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20+ Sample Rejection Letter for Rental Applications
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What Is a Rejection Letter for Rental Application?
A rejection letter for rental application, also known as a tenant rejection letter, informs an applicant for residential or commercial occupancy that their request was denied by the property owner or manager. This commonly happens when there are discrepancies in the tenant’s application documents and if red flags in his or her criminal or credit background record were discovered. Differences in factors that concern one’s employment, monthly income, credit histories, and references can help landlords justify their reason for rejecting the person’s rental application. It is one of the most important documents that help landlords reject unqualified applicants under legal terms.
Types of Rejection Letters for Rental Application
Having a legal and effective application denial system will always come to your advantage. Every applicant is different, which means that your reason for turning them down will likely vary from case to case. Thus, it’s best to establish more than one method of denying an unwanted applicant for a more appropriate approach to the situation. These levels of unacceptability may be expressed in three different types of letters:
How to Write a Rejection Letter for Rental Application
The vacancy rate of rental housing units in the southern region of the United States was estimated at around 8.5% in 2018, as reflected in a report by Statista. This proves just how difficult it is to find a property that not only has space available for a person to rent but can offer a favorable response to one’s application. As a landlord, it’s never easy to reject applicants who are interested in renting one of your properties. With no hard-and-fast rules to save you from legal undertakings and hurt feelings, writing a formal rejection letter is the least interesting part about screening rental applications. If you want to survive in the landlord business, you need to know how to deny a tenant application the right way.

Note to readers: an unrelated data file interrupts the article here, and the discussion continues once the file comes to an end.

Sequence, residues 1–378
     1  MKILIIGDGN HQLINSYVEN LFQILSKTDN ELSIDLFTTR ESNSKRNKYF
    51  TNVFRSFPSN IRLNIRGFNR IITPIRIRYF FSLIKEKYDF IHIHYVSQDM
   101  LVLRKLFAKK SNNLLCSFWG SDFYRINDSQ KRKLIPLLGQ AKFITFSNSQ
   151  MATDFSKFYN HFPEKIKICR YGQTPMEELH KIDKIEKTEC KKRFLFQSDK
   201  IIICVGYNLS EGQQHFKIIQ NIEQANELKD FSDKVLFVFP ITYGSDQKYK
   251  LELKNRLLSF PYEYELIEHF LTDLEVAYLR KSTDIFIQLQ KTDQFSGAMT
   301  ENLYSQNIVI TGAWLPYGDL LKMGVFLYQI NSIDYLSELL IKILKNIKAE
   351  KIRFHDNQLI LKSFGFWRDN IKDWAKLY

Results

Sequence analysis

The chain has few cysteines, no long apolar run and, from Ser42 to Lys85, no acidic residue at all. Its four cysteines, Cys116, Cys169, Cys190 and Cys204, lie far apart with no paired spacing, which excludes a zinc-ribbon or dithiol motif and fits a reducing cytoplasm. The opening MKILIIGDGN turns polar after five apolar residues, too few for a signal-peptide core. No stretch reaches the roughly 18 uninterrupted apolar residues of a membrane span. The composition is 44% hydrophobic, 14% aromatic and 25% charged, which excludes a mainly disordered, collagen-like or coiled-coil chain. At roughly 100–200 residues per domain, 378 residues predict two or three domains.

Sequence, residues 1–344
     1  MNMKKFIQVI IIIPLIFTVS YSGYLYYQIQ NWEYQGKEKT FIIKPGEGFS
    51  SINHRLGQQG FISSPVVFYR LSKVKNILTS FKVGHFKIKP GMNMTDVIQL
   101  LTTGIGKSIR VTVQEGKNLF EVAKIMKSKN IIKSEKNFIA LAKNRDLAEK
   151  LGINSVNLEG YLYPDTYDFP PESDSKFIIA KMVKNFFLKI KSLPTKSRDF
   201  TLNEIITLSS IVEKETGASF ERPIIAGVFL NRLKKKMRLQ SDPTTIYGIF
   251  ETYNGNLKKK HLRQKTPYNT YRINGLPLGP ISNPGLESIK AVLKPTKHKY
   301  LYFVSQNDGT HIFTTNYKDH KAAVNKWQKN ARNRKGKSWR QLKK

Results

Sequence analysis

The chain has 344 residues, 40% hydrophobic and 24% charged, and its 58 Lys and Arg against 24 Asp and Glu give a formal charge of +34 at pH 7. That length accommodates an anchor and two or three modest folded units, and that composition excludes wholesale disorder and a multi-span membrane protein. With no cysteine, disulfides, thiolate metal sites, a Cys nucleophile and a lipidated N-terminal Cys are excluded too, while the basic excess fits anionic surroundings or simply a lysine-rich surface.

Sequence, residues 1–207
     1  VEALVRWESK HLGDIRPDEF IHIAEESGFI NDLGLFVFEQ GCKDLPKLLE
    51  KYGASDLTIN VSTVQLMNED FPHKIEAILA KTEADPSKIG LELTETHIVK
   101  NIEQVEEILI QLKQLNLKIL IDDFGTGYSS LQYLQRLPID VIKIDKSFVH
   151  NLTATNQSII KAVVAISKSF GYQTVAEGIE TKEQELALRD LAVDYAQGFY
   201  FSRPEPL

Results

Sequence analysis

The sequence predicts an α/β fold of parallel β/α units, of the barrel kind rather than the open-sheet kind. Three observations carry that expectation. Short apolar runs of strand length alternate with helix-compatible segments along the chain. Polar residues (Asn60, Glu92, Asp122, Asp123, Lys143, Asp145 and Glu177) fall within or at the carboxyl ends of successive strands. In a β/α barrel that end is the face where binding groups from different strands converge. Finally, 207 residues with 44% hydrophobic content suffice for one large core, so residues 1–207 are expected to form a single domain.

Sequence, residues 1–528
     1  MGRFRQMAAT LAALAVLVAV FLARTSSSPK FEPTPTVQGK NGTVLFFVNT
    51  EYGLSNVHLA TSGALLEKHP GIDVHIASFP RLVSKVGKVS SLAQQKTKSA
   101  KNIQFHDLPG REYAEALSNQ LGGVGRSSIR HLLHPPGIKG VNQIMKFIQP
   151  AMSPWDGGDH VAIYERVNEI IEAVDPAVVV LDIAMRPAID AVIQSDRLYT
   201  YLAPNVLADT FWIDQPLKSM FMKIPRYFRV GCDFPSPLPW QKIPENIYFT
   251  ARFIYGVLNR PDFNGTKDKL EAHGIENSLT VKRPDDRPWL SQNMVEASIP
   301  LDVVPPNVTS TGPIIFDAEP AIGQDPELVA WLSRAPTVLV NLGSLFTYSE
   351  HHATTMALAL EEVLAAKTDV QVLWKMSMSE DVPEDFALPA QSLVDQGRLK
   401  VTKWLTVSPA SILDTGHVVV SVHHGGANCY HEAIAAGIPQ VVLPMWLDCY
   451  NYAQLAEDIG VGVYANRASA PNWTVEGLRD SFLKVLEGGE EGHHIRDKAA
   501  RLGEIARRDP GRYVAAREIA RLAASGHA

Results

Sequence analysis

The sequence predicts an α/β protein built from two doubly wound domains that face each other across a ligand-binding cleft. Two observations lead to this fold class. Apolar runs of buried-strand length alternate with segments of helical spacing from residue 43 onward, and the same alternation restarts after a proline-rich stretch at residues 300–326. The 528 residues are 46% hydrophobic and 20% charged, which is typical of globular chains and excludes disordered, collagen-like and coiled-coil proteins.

Step 1: Download a Template
Given the number of recipients that will likely receive your rejection letter, consider using a letter template to remain consistent in terms of format and structure. All you need to do is to find an applicant rejection letter template that best suits your preferences. There are a ton of templates designed for different landlord-tenant relationships, so be sure that the one you use requires less effort to modify. Not only is it a time-saving alternative, but it also ensures that your letters remain professional at all times. You can even customize the template to make it unique to your area of business, while also keeping it specific to a certain individual.
Step 2: Date and Address the Letter to the Recipient